THE MUSEUM OF LIGHT: Artists as Alchemists: Just as an alchemist transforms led into gold, do you feel that being an artist relates to that of being an alchemist? Do you view the artist journey and your creative expression, as alchemy?
GABRIEL PULECIO: Definitely, the artist, as a transforming agent, by juxtaposing or overlapping different materials or concepts, can bring new ideas and shapes into the world. The same can be said of always looking for “inspiration” or ideas to find that “perfect” result which lies within every person creating for the good of expression. Also, analyzing how sometimes things don’t quite work takes a lot of experimentation, discipline, exact measurements, and several processes to find the perfect balance between the elements. It’s as much science as art.
THE MUSEUM OF LIGHT: The Evidence of the Journey: Artists are often labeled as “stars.” Just as a star radiates light and the planets then reflect this light, do you see your work as an artist like that of a star? Is this “light” that stars radiate merely the evidence of this journey of becoming a star/learning to radiate light?
GABRIEL PULECIO: I can see several relationships between an artist and stars. First, the fact that stars are grouped into constellations and asterisms, in this case a constellation, could be a group of artists working in the same movement, or in a trend, call it expressionism or electronic art. Especially nowadays, in this new globalized era we live in where the connection between the stars is more evident. We can all see them in a “virtual” sky. Also, I feel how an artist or his work can be compared inversely proportional to the life of a star in the sense that the stars we see are so far away that most of them have ceased to exist but being so far takes light years for their light to stop. The light of an artist will keep shining after it’s dead and even become stronger than when alive. This can especially be true when a star is pinned into a constellation, depending on its relationship with the other stars of that constellation and the point of view of the “astronomer.”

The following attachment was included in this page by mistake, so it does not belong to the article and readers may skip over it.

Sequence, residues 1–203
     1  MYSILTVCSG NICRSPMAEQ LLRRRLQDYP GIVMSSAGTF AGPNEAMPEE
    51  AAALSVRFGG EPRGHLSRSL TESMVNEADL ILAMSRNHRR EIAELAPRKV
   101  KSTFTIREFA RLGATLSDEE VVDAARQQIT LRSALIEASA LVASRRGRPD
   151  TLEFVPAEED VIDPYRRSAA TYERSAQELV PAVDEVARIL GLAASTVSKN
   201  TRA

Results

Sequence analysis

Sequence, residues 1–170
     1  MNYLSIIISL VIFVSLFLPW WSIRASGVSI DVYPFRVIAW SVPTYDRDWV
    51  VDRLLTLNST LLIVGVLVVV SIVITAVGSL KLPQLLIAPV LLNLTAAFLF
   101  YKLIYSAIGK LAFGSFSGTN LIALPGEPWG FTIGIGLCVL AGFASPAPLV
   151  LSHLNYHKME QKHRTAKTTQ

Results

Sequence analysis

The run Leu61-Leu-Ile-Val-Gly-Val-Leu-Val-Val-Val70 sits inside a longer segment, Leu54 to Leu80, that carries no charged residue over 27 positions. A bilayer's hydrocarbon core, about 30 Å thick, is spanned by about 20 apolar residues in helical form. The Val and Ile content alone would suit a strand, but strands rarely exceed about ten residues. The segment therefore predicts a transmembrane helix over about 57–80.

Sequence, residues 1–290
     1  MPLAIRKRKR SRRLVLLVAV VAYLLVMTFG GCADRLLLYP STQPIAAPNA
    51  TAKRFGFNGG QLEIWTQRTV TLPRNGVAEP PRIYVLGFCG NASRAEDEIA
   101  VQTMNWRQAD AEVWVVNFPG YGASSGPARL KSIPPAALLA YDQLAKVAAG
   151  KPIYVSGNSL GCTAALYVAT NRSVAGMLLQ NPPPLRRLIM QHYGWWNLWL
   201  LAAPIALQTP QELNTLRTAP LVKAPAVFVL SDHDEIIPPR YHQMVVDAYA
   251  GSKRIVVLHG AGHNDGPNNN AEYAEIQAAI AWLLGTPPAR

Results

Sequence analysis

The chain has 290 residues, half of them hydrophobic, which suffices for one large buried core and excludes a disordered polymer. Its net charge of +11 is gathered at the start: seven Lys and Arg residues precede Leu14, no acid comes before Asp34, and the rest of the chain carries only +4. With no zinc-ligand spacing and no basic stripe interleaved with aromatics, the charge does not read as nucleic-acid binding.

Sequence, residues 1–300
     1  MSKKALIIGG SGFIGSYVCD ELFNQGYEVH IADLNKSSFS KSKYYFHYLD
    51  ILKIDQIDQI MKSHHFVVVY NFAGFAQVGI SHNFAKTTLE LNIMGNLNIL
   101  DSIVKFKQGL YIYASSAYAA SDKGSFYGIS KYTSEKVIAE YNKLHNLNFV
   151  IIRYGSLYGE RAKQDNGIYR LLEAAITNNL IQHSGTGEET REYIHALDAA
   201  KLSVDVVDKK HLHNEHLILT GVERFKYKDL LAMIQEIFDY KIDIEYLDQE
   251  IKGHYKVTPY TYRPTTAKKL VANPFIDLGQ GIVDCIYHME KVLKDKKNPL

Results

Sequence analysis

THE MUSEUM OF LIGHT: The Courage to Create: When an artist is not “creating” it is often labeled a “creative block.” How do you navigate this space, how do you find the creative spark in the dark, and does it require courage to create from this unknown space? Describe this process.
GABRIEL PULECIO: I found this quite interesting. I don’t think there is such a thing as inspiration “per se,” as somebody once said, “Every work is 10 percent inspiration and 90 percent ‘transpiration.'” And this is definitely my case. I start every single project with the idea that it’s going to be good, that eventually that “inspiration” will come, but I can’t sit and wait for that great idea to come. Normally it never comes. It is the action of connecting the dots. The process is almost always the same. I start with an idea of what I’m doing, either a sculpture, installation, painting, whatever it is, and after working on it, not necessarily with very clear direction, I find something I think is interesting, and I start developing this idea. As you work on this, you start feeling how the original idea began to unveil itself. Towards the end of the project you really see what it is. It’s in that last push where you finally see the whole image — after all the research and tests, and trial and error — you see something interesting that surfaces. Normally this happens towards the end of the process, and now you have this very clear direction. All you need to do is to produce it and make it happen. The best way to deal with the “creative block” is to work, work, work. And have a mindset that at the end everything will present itself in front of you, not by some miraculous inspiration but by experimenting and testing and trying and failing. Also fails are great to find inspiration. Sometimes what you think is going to work, fails, and then you realize what you are really trying to do and another door opens that you can enter.
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